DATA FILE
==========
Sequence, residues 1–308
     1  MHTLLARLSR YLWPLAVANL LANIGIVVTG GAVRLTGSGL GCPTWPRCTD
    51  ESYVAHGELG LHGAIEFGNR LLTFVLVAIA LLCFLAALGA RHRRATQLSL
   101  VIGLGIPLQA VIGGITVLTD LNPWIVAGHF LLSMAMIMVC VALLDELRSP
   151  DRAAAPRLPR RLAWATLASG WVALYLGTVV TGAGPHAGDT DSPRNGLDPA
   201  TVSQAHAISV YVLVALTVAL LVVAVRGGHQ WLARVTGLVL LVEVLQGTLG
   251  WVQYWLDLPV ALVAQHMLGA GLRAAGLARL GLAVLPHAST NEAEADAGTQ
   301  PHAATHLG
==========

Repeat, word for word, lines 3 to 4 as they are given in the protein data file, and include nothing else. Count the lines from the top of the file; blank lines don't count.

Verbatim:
    51  ESYVAHGELG LHGAIEFGNR LLTFVLVAIA LLCFLAALGA RHRRATQLSL
   101  VIGLGIPLQA VIGGITVLTD LNPWIVAGHF LLSMAMIMVC VALLDELRSP